Special Programs

Date Film Time
2/20 Through a Lens Darkly 7 pm
2/21 Athina Rachel Tsangari in Person 2 pm
2/26 The Stuart Hall Project 7 pm
2/27 Girlhood 7 pm
3/5 Creature from the Black Lagoon 7 pm

This winter Block Cinema presents an eclectic assortment of one-night screenings including two recent documentaries (Through a Lens Darkly and The Stuart Hall Project) that investigate representations of race, colonialism, and cultural theory, respectively. Also screening is the acclaimed new French film, Girlhood, about a black teen coming of age in Paris. We also welcome two special guests, 3-D scholar Kristen Whissel who will discuss the format in the classic film, Creature from the Black Lagoon, and finally, we welcome a leading light in Greek cinema's renaissance, filmmaker Athina Rachel Tsangari (Attenberg) who will appear in person to present two of her most recent short works.

Through a Lens Darkly: Black Photographers and the Emergence of a People

Friday, February 20, 2015 7:00 PM FREE
(Thomas Allen Harris, 2014, USA, DCP, 92 min.)

Inspired by Deborah Willis’ book Reflections in Black, Through a Lens Darkly (Willis is also a co-producer) casts a broad net that begins with filmmaker Thomas Allen Harris’ family album. It considers the difference between black photographers who use the camera to define themselves, their people, and their culture and some white photographers who, historically, have demeaned African-Americans through racist imagery. The film embraces both historical material (African-Americans who were slaves, who fought in the Civil War, were victims of lynchings, or were pivotal in the Civil Rights Movement) and contemporary images made by such luminaries as Roy DeCarava, Gordon Parks, and Carrie Mae Weems. The film reveals deeply disturbing truths about the history of race relations while expressing joyous, life-affirming sentiments about the ability of artists and amateurs alike to assert their identity through the photographic lens.–Film Forum

In person: Deborah Willis

Please Note: Space is limited, arrive early. Seating will be first-come, first-served.

Athina Rachel Tsangari in Person

Saturday, February 21, 2015 2:00 PM FREE

A leading light in Greek cinema's renaissance, filmmaker Athina Rachel Tsangari (Attenberg) appears in person to present two of her most recent short works. Commissioned for the annual DesteFashionCollection, whose goal is to create dialogue between the world of cinema, fashion and fine arts, The Capsule (2012, DCP, 35 min.) is a mythopoetic Greek Gothic work in which seven young women gather to perform surreal and mysterious rites of desire, discovery and discipline. Featuring works by cutting edge fashion designers, it's equal parts horror film, dreamscape, and absurdist send-up of the fashion industry's conceits of "femininity."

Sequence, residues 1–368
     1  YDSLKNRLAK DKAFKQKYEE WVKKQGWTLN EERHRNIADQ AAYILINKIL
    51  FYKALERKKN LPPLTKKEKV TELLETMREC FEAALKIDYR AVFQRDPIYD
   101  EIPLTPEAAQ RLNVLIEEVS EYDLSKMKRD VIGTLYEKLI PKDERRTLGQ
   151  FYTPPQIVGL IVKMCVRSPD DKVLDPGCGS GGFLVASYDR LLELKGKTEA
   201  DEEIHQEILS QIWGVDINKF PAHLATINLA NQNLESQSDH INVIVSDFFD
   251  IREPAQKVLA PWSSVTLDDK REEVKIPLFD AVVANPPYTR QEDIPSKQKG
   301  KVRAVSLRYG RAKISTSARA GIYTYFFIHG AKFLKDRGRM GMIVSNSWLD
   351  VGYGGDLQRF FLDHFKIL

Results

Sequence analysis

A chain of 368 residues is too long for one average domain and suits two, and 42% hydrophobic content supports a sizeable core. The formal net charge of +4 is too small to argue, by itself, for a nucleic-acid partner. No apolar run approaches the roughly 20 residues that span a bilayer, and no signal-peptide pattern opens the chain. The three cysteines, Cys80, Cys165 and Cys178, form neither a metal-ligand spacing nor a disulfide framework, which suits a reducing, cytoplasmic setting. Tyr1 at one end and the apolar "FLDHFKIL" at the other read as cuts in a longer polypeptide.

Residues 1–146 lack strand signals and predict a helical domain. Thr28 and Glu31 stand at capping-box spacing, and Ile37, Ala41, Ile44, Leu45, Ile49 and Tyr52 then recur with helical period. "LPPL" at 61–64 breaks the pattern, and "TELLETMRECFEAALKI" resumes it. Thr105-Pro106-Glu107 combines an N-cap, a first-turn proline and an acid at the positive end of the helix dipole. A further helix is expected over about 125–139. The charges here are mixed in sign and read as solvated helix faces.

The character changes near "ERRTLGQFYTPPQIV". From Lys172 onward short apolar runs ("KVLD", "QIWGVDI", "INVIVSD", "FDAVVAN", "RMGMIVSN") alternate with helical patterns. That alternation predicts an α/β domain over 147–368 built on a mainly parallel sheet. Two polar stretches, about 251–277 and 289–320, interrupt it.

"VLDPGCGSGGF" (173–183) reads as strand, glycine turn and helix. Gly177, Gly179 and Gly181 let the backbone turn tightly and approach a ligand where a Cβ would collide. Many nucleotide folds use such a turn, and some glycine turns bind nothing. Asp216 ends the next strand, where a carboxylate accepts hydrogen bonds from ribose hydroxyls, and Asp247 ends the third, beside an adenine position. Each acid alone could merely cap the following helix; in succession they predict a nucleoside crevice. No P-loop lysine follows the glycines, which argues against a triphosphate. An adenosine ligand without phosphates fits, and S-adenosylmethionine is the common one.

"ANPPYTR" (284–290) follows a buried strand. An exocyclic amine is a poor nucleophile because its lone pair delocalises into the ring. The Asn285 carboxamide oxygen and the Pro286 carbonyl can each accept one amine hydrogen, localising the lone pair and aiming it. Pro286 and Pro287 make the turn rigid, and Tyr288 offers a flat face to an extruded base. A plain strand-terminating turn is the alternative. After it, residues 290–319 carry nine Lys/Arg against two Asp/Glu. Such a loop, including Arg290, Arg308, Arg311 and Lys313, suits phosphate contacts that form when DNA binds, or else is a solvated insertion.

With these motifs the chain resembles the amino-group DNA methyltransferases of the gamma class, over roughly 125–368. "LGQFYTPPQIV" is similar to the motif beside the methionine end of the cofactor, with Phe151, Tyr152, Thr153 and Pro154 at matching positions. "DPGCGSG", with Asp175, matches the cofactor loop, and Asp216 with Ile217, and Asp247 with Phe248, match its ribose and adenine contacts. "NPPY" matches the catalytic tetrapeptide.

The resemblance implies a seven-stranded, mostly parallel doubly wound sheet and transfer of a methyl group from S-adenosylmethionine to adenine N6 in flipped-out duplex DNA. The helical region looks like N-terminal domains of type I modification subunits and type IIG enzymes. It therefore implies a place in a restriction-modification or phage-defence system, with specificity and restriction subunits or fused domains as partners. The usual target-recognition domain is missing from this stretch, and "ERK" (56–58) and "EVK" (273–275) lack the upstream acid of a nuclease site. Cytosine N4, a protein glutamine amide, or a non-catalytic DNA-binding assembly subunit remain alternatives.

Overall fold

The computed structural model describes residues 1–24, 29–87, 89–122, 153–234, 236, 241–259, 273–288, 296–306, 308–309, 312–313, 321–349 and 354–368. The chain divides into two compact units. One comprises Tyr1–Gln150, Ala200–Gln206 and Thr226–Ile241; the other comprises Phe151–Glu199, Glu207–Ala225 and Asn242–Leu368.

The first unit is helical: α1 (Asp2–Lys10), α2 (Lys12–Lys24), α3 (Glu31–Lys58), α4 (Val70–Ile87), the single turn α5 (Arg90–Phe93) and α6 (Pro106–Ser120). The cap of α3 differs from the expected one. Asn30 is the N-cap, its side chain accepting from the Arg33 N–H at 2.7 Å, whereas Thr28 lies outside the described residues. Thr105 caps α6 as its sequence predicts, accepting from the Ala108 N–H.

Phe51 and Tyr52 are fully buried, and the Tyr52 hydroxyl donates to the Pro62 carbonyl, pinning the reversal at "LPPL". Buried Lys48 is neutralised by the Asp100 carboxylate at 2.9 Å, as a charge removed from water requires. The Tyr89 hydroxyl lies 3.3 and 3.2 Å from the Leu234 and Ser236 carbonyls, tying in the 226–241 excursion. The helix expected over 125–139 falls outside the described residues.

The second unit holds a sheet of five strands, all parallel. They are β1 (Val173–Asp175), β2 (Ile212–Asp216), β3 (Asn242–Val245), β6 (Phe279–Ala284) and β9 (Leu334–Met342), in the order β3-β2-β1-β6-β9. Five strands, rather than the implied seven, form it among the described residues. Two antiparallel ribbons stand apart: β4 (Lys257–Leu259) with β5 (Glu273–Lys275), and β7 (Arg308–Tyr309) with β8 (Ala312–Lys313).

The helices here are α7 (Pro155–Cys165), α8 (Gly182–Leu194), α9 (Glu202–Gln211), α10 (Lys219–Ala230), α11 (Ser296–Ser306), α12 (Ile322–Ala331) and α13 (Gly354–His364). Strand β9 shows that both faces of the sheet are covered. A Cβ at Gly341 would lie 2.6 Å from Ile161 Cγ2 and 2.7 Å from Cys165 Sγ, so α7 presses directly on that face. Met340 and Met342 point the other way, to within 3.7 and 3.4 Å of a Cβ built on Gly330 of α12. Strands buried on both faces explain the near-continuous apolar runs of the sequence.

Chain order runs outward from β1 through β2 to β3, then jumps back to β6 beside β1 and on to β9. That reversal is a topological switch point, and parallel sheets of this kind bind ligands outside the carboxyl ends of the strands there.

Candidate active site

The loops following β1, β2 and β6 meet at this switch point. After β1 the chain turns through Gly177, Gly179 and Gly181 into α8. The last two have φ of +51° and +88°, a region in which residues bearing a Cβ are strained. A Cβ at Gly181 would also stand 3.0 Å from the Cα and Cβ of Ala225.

Preceded by her micro-short, 24 Frames Per Century (2013, 2 min.) commissioned by the Venice Film Festival.

Approximate program running time is 70 min.

Sponsored in part by Department of Radio/Television/Film.

The Stuart Hall Project

Thursday, February 26, 2015 7:00 PM FREE
(John Akomfrah, 2013, UK, DCP, 103 min.)

Acclaimed British documentarian and film essayist John Akomfrah’s portrait of sociologist and cultural critic Stuart Hall (who died in 2014) is a remarkable look at one of the great contemporary intellectuals. Hall was Jamaican-born, black, and rose up through the 1950’s white academic establishment in Britain, not only becoming a respected professor and writer but also a public figure who used the mass media to discuss race, class, politics, and more. It is these television and radio appearances that Akomfrah primarily draws from, letting Hall’s own words shape the film, along with excerpts of jazz great Miles Davis, a particular passion of Hall’s. Akomfrah creates an intimate, accessible document without sacrificing the ideas that dominated Hall’s thinking and life.


Friday, February 27, 2015 7:00 PM
(CĂ©line Sciamma, 2014, France, DCP, 113 min.)

Fed up with her abusive family situation, lack of school prospects and the “boys’ law” in the neighborhood, Marieme starts a new life after meeting a group of three free-spirited girls. She changes her name, her style, drops out of school and starts stealing to be accepted into the gang. When her home situation becomes unbearable, Marieme seeks solace in an older man who promises her money and protection. Realizing this sort of lifestyle will never result in the freedom and independence she truly desires, she finally decides to take matters into her own hands.

In French with English subtitles.

Creature from the Black Lagoon (in 3-D)

Thursday, March 5, 2015 7:00 PM FREE
(Jack Arnold, 1954, US, 35mm, 79 min.)

After the discovery of a large webbed claw, a group of scientists searching for a “missing link” between sea and land animals head deep into the Amazon to a place feared by natives, “the Black Lagoon.” Creature stands as genre film pioneer Jack Arnold’s most lasting creation from a career spanning decades. The film, which was made in the short but prolific 3D boom between 1952 and 1954, does use some clichéd “pop-out” 3D effects but also tactfully utilizes the technology to submerge the audience with a sense of dread in the film's underwater shots.

Introduced by film scholar, Kristen Whissel, Associate Professor of Rhetoric at UC Berkeley.